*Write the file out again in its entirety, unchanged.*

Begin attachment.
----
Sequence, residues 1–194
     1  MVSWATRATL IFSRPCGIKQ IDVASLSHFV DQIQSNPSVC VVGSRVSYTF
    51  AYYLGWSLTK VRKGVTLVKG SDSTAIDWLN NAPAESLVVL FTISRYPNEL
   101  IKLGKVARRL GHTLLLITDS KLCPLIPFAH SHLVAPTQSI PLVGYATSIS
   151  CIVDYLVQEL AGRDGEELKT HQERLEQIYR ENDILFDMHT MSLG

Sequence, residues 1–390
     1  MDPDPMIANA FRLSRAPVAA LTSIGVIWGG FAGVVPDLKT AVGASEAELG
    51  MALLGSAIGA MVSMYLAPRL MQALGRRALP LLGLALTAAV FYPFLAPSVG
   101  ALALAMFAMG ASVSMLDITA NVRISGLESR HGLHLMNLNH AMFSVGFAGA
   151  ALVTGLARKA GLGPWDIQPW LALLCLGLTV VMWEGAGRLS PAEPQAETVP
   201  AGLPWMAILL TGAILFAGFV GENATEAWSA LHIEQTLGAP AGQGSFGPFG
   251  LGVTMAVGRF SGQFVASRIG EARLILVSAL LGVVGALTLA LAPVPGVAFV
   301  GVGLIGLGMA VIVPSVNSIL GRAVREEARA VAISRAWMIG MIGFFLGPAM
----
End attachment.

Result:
Sequence, residues 1–194
     1  MVSWATRATL IFSRPCGIKQ IDVASLSHFV DQIQSNPSVC VVGSRVSYTF
    51  AYYLGWSLTK VRKGVTLVKG SDSTAIDWLN NAPAESLVVL FTISRYPNEL
   101  IKLGKVARRL GHTLLLITDS KLCPLIPFAH SHLVAPTQSI PLVGYATSIS
   151  CIVDYLVQEL AGRDGEELKT HQERLEQIYR ENDILFDMHT MSLG

Sequence, residues 1–390
     1  MDPDPMIANA FRLSRAPVAA LTSIGVIWGG FAGVVPDLKT AVGASEAELG
    51  MALLGSAIGA MVSMYLAPRL MQALGRRALP LLGLALTAAV FYPFLAPSVG
   101  ALALAMFAMG ASVSMLDITA NVRISGLESR HGLHLMNLNH AMFSVGFAGA
   151  ALVTGLARKA GLGPWDIQPW LALLCLGLTV VMWEGAGRLS PAEPQAETVP
   201  AGLPWMAILL TGAILFAGFV GENATEAWSA LHIEQTLGAP AGQGSFGPFG
   251  LGVTMAVGRF SGQFVASRIG EARLILVSAL LGVVGALTLA LAPVPGVAFV
   301  GVGLIGLGMA VIVPSVNSIL GRAVREEARA VAISRAWMIG MIGFFLGPAM